No matter how successful he got, Steve Jobs never stopped innovating or improving on the technology and services he created.

You may think you know everything there is to know about the funeral profession, and that you offer your families the best level of care of all your competitors; but the truth is there is always room for improvement. The second you become complacent and start believing you have nothing more to learn, is the second one of your competitors will improve upon the services they currently offer and gain the competitive advantage. Never stop listening to the needs of your families and your community, and start opening yourself up to the idea of learning from the competition.


There’s a lot we can all learn from a visionary like Steve Jobs. In his short 56 years of life, he transformed the way the world communicates, interacts and shares with one another. By choosing to think differently and embrace innovation and change, your funeral firm has the ability to impact the way your families and the community cope with death and celebrate life.

What have you learned from Steve Jobs? Did any of these methodologies inspire you enough to put them into practice at your own funeral firm? Please share your comments below! 🙂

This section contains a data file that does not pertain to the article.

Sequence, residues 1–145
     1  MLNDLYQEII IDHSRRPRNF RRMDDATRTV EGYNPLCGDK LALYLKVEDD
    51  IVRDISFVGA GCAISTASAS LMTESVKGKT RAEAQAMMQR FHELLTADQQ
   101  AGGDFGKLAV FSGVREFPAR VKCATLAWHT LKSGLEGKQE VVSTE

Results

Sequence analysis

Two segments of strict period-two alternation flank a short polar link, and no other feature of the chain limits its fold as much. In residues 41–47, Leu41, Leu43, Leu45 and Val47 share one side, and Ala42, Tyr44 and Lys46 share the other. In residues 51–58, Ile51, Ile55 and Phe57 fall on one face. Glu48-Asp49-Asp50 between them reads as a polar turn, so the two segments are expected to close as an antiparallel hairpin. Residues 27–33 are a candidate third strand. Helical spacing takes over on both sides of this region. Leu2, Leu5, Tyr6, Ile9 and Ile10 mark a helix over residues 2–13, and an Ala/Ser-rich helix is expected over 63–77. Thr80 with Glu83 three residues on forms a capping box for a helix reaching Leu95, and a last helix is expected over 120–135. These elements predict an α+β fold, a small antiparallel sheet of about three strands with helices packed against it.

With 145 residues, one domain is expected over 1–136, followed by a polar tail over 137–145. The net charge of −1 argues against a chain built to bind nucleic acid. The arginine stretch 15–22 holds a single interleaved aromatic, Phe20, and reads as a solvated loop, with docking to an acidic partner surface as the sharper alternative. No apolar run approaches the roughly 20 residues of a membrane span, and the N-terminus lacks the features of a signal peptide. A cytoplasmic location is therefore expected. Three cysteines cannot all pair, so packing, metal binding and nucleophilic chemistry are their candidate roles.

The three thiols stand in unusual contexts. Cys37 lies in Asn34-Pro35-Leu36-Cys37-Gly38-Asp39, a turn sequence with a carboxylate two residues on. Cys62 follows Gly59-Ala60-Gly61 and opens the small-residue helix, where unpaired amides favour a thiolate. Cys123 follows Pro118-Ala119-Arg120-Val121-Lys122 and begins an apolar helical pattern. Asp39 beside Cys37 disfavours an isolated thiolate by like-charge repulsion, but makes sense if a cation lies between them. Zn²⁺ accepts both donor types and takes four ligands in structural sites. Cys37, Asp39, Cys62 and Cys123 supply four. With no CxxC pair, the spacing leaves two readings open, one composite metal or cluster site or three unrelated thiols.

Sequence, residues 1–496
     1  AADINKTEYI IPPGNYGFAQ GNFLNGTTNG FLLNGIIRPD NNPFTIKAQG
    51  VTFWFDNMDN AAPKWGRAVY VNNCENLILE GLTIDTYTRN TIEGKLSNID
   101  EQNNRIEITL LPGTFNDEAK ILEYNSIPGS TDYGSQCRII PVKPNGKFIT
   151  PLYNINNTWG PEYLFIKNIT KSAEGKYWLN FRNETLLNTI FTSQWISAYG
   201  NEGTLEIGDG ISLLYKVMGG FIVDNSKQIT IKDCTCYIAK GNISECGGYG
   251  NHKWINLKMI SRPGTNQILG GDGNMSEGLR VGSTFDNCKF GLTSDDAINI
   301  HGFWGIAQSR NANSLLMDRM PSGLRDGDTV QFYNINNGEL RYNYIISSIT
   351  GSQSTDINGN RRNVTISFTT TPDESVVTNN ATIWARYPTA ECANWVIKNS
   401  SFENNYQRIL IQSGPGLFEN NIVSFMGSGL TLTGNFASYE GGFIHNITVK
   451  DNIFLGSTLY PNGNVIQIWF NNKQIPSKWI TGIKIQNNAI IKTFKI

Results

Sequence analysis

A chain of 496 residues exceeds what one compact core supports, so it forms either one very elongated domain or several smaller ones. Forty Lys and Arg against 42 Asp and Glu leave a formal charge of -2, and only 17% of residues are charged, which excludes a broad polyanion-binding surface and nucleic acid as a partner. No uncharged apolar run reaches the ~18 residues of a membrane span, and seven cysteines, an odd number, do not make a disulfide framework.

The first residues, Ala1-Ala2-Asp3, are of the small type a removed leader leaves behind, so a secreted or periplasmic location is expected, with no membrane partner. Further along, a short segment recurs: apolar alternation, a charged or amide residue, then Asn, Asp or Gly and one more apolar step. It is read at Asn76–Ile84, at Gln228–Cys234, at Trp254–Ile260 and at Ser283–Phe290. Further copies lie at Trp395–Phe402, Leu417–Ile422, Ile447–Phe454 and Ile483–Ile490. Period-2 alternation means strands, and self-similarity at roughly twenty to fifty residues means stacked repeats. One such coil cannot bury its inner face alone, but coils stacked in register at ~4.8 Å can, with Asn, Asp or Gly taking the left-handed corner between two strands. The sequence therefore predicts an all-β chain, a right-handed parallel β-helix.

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  1. Kim Stacey

    Very, very good post, Kelly. Thought provoking. Inspiring. I think the biggest lesson Steve taught me is “There’s always room for improvement.” In ourselves, our businesses, and in our relationships. Thank for the reminder! 

  2. Anonymous

     Absolutely Kim! We all need a reminder of this every once in a while 🙂

  3. Dave Waggoner

    Kelly, This article is spot on. There is alot of talk in this industry about change, but action is slow in coming. Tomorrow’s leaders will embrace change, today.

  4. Anonymous

     Thanks Dave, I agree! A lot of people are scared of change, but with change comes opportunity, and I believe those who are most agile and adaptable will succeed!

  5. Kim Stacey

    Hey, Dave – give us a “heads-up”! How are you “embracing change, today”? Not to put you on the spot, but often, I see that the dynamics within the funeral home can prevent innovative (change-oriented) thinking of one person being implemented. Are there obstacles to change that you’ve faced, in your business environment? If so, how did you overcome them – or were you able to?